Thrive Activities

Many of you know that within school we use the Thrive approach to support students with their social and emotional wellbeing.  As such we consider time spent with adults in relationship, perhaps playing games, exploring the world around us or working together on a creative project as very important.

Within school we would give time during each week as a pastoral group and 1:1 to engaging students with some of the activities below.  Therefore please feel free to use the time that they are at home during this period to share these activities with them too. 

The list below includes a wide range of activities to reflect the range of development stages that our children are working at.  No need to do them all, choose something you would enjoy doing with your child & you will be able to keep doing regularly for as long as you both enjoy this. 

  • Play peek-a-boo together
  • Make funny faces together
  • Let child know how much you enjoy their features e.g. colour of eyes, hair and draw a picture of their face.
  • Play a game where your child has to keep looking at your face whilst you pull funny faces that will make them laugh…..but they are not to laugh…..when they do…swap
  • Use face paints together
  • Use finger to draw flower on child’s hand
  • Massage child’s hand with lotion
  • Tracing a word on your child’s back with your finger
  • Play clapping game
  • Hold hands whilst walking together
  • Sing along together
  • Dance together: perhaps teach your child a dance you did when you were younger
  • Use a blanket or rug to wrap around yourself with your child, making a warm safe cocoon.
  • Make mealtimes fun
  • Find every opportunity to catch your child doing something ‘right’ and praise them
  • Tuck the child in at night after a goodnight hug
  • Decide on a bedtime routine & keep to it as much as possible
  • Keep instructions simple
  • Have clear boundaries that the child understands & keep to these as much as possible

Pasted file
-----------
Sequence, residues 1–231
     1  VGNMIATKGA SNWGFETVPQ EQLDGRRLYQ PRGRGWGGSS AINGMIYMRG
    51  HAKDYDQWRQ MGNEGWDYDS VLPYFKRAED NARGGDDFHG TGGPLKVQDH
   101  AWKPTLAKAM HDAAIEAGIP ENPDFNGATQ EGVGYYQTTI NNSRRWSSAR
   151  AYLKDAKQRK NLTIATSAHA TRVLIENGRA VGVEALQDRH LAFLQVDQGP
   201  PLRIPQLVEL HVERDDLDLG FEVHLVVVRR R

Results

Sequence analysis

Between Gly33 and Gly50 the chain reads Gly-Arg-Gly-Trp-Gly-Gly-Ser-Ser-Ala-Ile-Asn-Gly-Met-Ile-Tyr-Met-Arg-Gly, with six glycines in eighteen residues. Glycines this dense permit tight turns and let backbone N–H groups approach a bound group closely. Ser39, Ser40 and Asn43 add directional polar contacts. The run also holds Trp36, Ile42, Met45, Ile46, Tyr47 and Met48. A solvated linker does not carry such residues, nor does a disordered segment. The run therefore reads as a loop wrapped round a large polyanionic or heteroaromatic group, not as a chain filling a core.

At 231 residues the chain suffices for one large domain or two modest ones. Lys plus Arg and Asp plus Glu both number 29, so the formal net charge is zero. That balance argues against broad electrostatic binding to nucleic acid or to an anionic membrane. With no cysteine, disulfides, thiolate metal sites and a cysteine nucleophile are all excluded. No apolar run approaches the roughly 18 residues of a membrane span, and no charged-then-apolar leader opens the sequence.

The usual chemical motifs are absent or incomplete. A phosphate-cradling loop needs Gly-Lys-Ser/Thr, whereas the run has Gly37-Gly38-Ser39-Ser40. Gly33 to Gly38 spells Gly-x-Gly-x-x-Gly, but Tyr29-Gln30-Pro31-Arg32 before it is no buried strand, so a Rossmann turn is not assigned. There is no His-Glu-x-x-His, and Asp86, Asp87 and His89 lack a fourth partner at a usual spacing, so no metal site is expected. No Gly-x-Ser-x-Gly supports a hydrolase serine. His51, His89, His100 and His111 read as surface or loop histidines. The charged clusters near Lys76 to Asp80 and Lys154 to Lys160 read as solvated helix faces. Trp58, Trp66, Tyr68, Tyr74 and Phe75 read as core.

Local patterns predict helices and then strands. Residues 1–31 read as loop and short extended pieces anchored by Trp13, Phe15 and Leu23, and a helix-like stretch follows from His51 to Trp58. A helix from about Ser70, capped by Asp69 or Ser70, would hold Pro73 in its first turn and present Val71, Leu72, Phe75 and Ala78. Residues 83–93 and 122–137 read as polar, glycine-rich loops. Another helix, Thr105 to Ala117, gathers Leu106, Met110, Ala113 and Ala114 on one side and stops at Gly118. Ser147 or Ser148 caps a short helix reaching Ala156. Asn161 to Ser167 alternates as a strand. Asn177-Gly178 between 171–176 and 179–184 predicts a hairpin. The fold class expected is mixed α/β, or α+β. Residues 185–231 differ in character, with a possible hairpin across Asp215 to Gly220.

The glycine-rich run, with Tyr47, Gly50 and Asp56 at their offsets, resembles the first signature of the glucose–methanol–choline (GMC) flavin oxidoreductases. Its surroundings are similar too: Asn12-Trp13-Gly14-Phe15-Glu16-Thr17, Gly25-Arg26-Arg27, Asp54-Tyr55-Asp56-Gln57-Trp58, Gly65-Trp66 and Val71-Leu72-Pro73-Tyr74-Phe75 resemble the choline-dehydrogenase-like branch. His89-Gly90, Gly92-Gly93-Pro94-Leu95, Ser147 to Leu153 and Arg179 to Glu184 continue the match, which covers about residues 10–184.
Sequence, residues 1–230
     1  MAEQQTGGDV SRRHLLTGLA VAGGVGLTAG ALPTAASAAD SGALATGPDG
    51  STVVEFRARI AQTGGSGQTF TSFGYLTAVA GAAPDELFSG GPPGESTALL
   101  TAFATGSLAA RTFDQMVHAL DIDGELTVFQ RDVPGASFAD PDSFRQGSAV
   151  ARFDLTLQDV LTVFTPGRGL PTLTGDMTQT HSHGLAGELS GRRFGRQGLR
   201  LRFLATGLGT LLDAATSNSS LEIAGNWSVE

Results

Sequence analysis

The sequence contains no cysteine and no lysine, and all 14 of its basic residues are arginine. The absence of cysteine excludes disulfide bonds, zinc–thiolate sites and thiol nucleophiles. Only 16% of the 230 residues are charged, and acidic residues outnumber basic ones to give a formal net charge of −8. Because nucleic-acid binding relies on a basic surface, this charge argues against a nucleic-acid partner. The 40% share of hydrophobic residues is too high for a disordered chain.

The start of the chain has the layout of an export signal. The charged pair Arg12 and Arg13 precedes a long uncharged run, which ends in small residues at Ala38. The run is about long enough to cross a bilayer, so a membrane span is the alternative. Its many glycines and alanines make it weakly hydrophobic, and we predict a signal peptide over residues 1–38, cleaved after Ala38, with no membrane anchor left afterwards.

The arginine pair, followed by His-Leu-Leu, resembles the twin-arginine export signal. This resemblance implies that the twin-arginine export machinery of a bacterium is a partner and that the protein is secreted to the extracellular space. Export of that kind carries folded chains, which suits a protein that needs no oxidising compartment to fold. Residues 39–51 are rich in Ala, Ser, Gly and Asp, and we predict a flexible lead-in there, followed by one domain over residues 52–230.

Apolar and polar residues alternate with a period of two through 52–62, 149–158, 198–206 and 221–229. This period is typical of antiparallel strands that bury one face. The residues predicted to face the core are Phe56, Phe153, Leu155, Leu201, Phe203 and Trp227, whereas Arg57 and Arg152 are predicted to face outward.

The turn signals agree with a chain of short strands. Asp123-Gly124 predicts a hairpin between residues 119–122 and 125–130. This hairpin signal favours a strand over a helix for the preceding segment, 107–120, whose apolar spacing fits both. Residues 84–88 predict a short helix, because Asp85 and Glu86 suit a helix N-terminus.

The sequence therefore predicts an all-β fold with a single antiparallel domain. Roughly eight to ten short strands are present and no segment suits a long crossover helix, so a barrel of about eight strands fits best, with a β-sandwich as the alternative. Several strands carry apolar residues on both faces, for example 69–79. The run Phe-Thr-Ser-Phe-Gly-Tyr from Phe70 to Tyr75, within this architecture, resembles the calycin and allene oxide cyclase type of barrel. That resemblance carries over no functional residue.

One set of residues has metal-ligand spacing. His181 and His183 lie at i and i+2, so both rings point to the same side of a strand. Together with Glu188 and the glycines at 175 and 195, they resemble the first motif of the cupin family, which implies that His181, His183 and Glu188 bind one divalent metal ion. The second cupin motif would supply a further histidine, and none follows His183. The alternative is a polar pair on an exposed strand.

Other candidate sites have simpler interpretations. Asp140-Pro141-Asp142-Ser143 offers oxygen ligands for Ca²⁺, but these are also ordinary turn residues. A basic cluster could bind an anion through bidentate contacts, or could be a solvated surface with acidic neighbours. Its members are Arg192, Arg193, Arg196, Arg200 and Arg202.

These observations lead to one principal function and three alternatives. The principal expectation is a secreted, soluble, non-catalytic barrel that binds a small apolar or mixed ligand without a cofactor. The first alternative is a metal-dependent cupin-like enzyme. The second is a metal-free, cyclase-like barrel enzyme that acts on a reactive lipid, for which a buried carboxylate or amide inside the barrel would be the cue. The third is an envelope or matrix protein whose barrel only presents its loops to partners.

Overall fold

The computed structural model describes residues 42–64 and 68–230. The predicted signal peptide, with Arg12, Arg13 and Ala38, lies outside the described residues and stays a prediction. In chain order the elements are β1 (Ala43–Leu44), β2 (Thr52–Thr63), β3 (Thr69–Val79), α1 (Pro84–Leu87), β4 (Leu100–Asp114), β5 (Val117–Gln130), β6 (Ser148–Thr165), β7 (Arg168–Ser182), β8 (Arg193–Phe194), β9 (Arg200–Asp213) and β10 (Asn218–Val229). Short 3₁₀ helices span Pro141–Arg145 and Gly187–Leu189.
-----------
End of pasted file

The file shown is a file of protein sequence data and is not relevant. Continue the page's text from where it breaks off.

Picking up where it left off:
• Remember to tell your child what’s happening each day
  • Find something to celebrate each day
  • Different home activities where you explain and show your child what you are doing, and encourage them to join in with you e.g. cooking, cleaning, gardening.
  • Have different creative materials available at home: cardboard boxes, playdoh, finger paints etc.
  • Making dens with cushions
  • Make time to encourage your child to explore or try something new
  • Do something new with your child, think of activities that stimulate the different senses e.g. listening/dancing to music, look at books, making up stories
  • Games/activities that involve turn taking
  • Have times in the day when your child needs to check in with you at regular intervals
  • Play chasing & being caught games
  • Play games where you or your child pretend to be lost then quickly find each other
  • Spend some time with your child that is interesting & fun
  • Identify simple and clear home rules and let your child know what will happen if these are broken
  • Talk with your child about different feelings; happy, sad, angry, scared, and get them to think about different situations when they have the different feelings … ‘what makes you happy?’ etc.
  • Games that help cause and effect thinking e.g. if you take ‘x’ away then ‘y’ will fall down
  • Notice when there is a problem, help your child to solve problem by showing them how and whenever possible get them to solve problems with you e.g. tidying up toys or cleaning up a split drink
  • Encourage and allow your child to have a different point of view
  • Take some time each day with your child to review and reflect on their day, create a diary or a scrap book.
  • Have games of making up stories, when everyone takes a turn
  • Games where your child learns about taking turns and realising that they won’t win every time e.g. simple board games
  • ‘See what happens next’ games and stories
  • Sorting games e.g. sorting out toys, pots and pans, clothes, socks, button
  • Puzzle games

T. 0191 2952280